Can animals feel happiness?

by florence.delage on December 15, 2017 - 7:15pm

Many societies, especially western societies, worry more and more about animals’ rights. Animals have the right to live free from harm in many countries in Canada, but can they tell the difference? In order words, do animals have the capacity to be happy? It is important to consider if farm animals, wild animals and domestic animals can be happy and how.

 

Animals can experience different complex emotions, like anxiety, love and empathy. Their capacity to feel these emotions is sometimes underrated. For example, elephants can differentiate between a voice that is friendly and a voice that wants to harm them.(What are animals thinking and feeling? | Carl Safina, 2015) In a way, they can determine which human is more likely to contribute to their happiness or well-being. Wild animals associate happiness with, among other things, survival. Of course, wild animals show fear when their liberty is threatened. Simple reactions of fear show us their desire for freedom, a part of their well-being or happiness.

 

Concerning farming, animals’ happiness can be easily shown. A study in the UK showed that their happiness can be measured. For example, farm animals produce better products (meat,dairy,eggs) when they are ‘happier’. By measuring their quality of life and their level of anxiety, experts have observed that there are specific criteria  to evaluate in order to qualify a chicken to be happy, for example, the chicken has social behaviours, they are comfortable and healthy. (Miele, 2011, p. 2084) Companies often say that free-range animals are happier, because they have more space to live and are living in a more natural way. Of course the animal is happier, but this is, among other things, a marketing strategy to make us humans feel better.

 

Certain domestic animals, like dogs, seem to experience happiness differently. Of course, domestic animals worry much less about their survival as wild animals or even farm animals, so they can spend more time experiencing simple pleasures. Dogs are known to be very, happy("Yes, Animals Think And Feel. Here's How We Know," 2015)  , one could hypothesise that they have a wider set range, or capacity to feel happiness. Dogs might even experience flow during a highly engaging activity like playing with their owner.  

 

In order to understand that animals can feel happiness, it is essential to demonstrate that they can also feel the opposite. Animals are also able to feel negative emotions, in fact, they can even feel very complex emotions like grief. Grief has been observed in wild and captive animals. For example, a psychologist noted that a goose showed the symptoms of grief when its partner died: its eyes sank, its head was mostly down, etc.("Grief in animals: It's arrogant to think we're the only animals who mourn," 2009) Furthermore, all kinds of animals are able are not only able to experience bodily pleasures, like when they get to eat, they can also feel higher pleasures, that are observable for example when they give birth.("Animal Emotions: Exploring Passionate Natures: Current interdisciplinary research provides compelling evidence that many animals experience such emotions as joy, fear, love, despair, and grief?we are not alone | BioScience | Oxford Academic," 2000)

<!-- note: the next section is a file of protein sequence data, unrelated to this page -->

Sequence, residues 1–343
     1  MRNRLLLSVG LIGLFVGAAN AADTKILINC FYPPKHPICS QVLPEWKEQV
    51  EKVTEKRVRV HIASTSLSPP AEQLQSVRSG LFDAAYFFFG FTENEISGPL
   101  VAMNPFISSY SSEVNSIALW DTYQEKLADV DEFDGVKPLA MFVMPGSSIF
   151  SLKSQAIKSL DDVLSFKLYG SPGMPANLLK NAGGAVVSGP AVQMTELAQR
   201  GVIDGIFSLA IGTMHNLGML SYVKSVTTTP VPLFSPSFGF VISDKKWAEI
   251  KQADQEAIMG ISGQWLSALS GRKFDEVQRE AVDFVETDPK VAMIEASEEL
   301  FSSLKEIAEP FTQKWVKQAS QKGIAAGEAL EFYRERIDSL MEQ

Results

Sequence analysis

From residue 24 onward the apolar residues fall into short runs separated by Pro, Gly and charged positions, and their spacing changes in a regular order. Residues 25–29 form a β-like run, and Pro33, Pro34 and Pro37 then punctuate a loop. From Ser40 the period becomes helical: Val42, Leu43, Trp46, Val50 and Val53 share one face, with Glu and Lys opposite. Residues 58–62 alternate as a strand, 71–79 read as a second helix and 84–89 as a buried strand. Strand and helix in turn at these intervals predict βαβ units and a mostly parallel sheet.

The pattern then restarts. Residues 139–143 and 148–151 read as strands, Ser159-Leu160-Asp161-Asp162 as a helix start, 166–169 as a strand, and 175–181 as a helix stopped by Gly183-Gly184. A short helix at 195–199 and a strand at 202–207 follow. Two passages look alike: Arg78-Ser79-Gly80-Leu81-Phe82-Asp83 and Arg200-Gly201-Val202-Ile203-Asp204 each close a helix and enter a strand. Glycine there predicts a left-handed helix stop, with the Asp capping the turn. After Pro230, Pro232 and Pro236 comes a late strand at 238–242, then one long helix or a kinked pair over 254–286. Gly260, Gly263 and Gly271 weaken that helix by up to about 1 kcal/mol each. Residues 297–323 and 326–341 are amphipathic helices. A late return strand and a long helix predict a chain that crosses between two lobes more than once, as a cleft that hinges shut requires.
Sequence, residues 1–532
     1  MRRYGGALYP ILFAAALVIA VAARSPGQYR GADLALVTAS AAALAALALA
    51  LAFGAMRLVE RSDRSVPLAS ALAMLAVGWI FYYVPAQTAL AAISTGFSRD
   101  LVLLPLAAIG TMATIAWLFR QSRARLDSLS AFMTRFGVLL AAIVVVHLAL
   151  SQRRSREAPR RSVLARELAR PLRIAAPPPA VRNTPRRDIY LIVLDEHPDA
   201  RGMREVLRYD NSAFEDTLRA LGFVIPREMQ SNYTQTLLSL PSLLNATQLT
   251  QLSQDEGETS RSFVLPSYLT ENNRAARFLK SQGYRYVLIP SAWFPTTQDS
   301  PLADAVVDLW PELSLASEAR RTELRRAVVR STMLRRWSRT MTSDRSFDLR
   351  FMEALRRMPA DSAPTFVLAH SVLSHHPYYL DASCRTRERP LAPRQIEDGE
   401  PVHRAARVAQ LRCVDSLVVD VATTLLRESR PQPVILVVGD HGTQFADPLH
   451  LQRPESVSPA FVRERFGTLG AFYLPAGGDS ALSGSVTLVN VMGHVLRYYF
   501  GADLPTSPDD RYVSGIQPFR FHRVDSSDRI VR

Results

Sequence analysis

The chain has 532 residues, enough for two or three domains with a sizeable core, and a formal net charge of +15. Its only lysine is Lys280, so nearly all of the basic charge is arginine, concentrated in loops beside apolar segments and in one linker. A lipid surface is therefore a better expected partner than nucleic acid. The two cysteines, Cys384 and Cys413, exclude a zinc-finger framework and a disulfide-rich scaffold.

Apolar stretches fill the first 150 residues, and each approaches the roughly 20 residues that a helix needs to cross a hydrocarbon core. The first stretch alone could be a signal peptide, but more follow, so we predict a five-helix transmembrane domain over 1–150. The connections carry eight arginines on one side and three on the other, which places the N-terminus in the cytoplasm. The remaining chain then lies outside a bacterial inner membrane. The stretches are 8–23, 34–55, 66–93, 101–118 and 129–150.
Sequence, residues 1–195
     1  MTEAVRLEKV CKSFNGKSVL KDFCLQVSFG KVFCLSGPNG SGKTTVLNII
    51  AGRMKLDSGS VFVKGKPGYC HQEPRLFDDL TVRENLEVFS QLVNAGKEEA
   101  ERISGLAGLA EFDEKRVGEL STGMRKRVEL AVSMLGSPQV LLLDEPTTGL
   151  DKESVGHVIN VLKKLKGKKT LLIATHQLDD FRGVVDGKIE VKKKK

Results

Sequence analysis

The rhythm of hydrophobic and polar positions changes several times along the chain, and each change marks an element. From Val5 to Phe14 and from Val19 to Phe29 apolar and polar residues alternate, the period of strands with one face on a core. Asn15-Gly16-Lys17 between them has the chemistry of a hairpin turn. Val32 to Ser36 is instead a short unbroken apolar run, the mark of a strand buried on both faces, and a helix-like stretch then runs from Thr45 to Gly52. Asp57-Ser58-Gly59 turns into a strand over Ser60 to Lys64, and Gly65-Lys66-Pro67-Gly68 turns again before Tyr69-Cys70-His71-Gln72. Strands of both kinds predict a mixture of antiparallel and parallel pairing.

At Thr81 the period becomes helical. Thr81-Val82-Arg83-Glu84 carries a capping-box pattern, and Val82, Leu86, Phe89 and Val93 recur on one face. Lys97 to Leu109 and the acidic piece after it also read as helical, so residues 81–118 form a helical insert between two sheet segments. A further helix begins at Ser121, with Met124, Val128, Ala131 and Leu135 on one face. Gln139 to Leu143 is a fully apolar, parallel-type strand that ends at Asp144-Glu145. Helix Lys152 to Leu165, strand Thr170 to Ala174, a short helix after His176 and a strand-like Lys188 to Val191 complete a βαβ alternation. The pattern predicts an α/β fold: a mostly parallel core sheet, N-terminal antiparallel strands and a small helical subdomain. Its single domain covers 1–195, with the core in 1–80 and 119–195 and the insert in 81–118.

Although they experience them differently, wild animals, farm animals and domestic animals feel a range of complex emotions and can feel happiness. Their happiness and well-being should not be doubted anymore and humans should make it a priority to treat them with respect of their physical and emotional needs to live more ethically.

 

References

Animal Emotions: Exploring Passionate Natures: Current interdisciplinary research provides compelling evidence that many animals experience such emotions as joy, fear, love, despair, and grief?we are not alone | BioScience | Oxford Academic. (2000, October 1). Retrieved from https://academic.oup.com/bioscience/article/50/10/861/233998

Grief in animals: It's arrogant to think we're the only animals who mourn. (2009, October 29). Retrieved from https://www.psychologytoday.com/blog/animal-emotions/200910/grief-in-animals-its-arrogant-think-were-the-only-animals-who-mourn

Miele, M. (2011). The Taste of Happiness: Free-Range Chicken. Environment and Planning A, 43(9), 2076-2090. doi:10.1068/a43257

What are animals thinking and feeling? | Carl Safina [Video file]. (2015, December 17). Retrieved from https://www.youtube.com/watch?v=y9KeyKVuLHU

Yes, Animals Think And Feel. Here's How We Know. (2015, July 15). Retrieved from https://news.nationalgeographic.com/2015/07/150714-animal-dog-thinking-feelings-brain-science/

 

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